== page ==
Anyone who’s been to the Ales Hrebesky Memorial, or any number of other tournaments around Europe, knows that you start to develop your own personal favorite clubs. We might like how a certain team plays, we might have a friend or two on the roster, or they just might be the best team and everyone loves a winner.
Over the past few years I’ve really become a fan of a few select programs. Sometimes these teams win some games, but for the most part I’ve found myself partial to the teams that are building and not letting the scoreboard halt their progress. The Polish Eagles happen to be one of my personal favorites.
The Polish Eagles
The Polish Eagles are the box contingent of the Polish National Lacrosse program. I’m a big fan of the country’s internal league, having visited the Grom in Warsaw. The LAS crew hung out with the Polish guys quite a bit in Godollo for the European Championships and we’re big supporters of the program, but it is their determined box team with which I am most familiar with.
I’ve been to the AHM three times now, as well as made an appearance at the Frank Mencshner Cup this past September. I don’t believe I’ve played against the Polish Eagles every year, but of the four tournaments I would assume I’ve been on the other bench three of the four times. They haven’t had a great record at the Memorial as far as wins and placement, but this is a team that comes to get better and leaves with smiles on their faces.
They come in by car the night before or sometimes the morning of the tournament. They sleep in the gymnasium. They bring rosters of ten or eleven guys on average. Their girlfriends work the doors in the box. Anything they have to do to get to their guys on the floor, they’ll do. I love these guys.
I love watching the Polish Eagles improve game by game and year by year, and now they’re going to be able to test their mettle against the 19 other nations currently signed up for the inaugural European Box Championships in Finland this July.
A Brief History
Polish players have been involved with box lacrosse since 2009 when Kosynierzy Wroclaw put in a team with the Czech National Box league. Later on in 2011 and beyond, no formal team was entered but Polish individual players participated in the ELL box league. The Polish Eagles did not form until their berth in the 2013 Ales Hrebesky Memorial, but have gone on to play in other box tournaments including the Mayor’s Cup, Lax in the Box, Isar Box, and the aforementioned Frank Mencshner Cup.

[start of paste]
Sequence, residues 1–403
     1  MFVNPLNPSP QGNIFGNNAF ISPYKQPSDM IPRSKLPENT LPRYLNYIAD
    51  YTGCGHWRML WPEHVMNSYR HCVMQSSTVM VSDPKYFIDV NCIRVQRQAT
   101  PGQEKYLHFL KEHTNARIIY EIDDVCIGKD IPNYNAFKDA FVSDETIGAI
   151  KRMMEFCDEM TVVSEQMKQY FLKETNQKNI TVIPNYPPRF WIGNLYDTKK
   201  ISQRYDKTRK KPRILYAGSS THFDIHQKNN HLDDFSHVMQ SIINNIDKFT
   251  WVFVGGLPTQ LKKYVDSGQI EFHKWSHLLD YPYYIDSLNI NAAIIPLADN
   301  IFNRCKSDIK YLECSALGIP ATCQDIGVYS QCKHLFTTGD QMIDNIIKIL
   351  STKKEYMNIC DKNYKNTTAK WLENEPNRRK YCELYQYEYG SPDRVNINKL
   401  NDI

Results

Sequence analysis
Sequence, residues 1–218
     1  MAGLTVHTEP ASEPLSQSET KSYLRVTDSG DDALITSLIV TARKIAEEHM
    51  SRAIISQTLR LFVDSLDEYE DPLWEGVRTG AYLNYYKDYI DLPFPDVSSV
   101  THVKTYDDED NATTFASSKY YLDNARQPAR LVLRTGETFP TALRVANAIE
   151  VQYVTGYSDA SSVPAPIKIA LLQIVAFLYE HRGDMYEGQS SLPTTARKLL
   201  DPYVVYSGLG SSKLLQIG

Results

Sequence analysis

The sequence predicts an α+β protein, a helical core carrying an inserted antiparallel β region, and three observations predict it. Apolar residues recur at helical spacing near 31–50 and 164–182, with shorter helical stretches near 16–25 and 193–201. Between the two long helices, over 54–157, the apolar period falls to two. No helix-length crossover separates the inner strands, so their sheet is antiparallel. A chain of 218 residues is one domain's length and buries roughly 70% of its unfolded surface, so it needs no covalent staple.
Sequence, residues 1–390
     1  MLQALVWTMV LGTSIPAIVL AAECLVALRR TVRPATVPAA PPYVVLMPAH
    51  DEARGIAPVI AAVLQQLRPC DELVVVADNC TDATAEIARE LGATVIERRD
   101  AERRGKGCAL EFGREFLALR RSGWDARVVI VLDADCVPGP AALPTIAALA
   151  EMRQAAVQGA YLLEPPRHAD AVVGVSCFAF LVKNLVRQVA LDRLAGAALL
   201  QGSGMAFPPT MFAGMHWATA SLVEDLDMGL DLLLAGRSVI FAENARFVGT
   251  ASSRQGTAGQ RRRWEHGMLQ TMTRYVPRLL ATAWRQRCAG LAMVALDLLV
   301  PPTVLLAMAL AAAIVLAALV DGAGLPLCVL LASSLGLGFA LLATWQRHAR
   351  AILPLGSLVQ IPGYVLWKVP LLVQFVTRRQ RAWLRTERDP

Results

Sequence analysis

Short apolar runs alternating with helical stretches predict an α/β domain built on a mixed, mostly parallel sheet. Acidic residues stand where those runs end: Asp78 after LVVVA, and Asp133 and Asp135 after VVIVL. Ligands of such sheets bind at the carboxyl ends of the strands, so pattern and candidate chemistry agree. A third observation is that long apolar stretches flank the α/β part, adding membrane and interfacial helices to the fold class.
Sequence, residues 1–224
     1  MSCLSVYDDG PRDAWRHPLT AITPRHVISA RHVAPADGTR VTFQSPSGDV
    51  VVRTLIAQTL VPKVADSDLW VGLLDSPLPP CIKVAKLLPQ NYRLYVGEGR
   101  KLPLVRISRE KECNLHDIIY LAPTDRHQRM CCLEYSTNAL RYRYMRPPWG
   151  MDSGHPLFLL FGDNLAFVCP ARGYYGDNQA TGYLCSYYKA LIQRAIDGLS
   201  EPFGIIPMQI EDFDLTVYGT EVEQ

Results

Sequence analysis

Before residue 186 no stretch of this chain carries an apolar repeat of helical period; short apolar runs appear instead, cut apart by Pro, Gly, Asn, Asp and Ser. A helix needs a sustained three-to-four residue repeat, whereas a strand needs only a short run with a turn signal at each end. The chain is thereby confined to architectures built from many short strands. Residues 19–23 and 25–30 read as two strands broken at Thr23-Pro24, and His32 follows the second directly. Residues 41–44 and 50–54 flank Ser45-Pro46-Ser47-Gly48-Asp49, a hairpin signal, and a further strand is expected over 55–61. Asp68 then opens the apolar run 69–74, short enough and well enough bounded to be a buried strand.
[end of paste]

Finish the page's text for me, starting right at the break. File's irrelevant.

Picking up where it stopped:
Hockey rinks are not readily available in Poland, making development more difficult, but with close proximity to other nations who are developing box lacrosse more rigorously like Germany and the Czech Republic, development has been possible despite the inherent difficulties.
Eyes on Turku
The Polish have announced their 2017 agenda that will give them a strong downhill run right into Finland in July. Camp will meet for the first time in January for a weeklong camp that culminates with the weekend Mayor’s Cup in Prague. In April, Poland will participate in the European Invitational, as well as the AHM the following weekend in the storied land of Radotin.
One additional tournament weekend in Dresden for Lax in the Box will be the final assembly before the 3 week endeavor in July. Prior to the European Championships in Turku (July 8th-15th), the Polish will hold one last camp for training in the Czech Republic.
In addition to the promising youth and natural given size that Polish teams have historically enjoyed, they will also have the benefit of being coached by Heath Garlow of the Seneca Nation. Garlow brings 25 years of box lacrosse experience to the table and has been a big contributor in the improvements made over the past few years to the Polish Eagle performances.
A Helping Hand
The Polish ARE looking for additional help for this run. In addition to the core group of Polish Eagles that have been there from the word “go”, the Polish are seeking out a maximum of three North American box lacrosse players with direct Polish heritage. More specifically, they’re looking for what we’re all looking for, offensive lefties, but additional support out the D door is also wanted.
Any questions, comments, or words of support for the Polish guys can be directed to Tomek via firstname.lastname@example.org
The boys started this program from scratch only a few short years ago. Without the means to get a team over to the WILC last year, this will be a HUGE catalyst for the Polish program as a whole, but more specifically geared towards growing a box lacrosse program in the very promising world of Polish Lacrosse.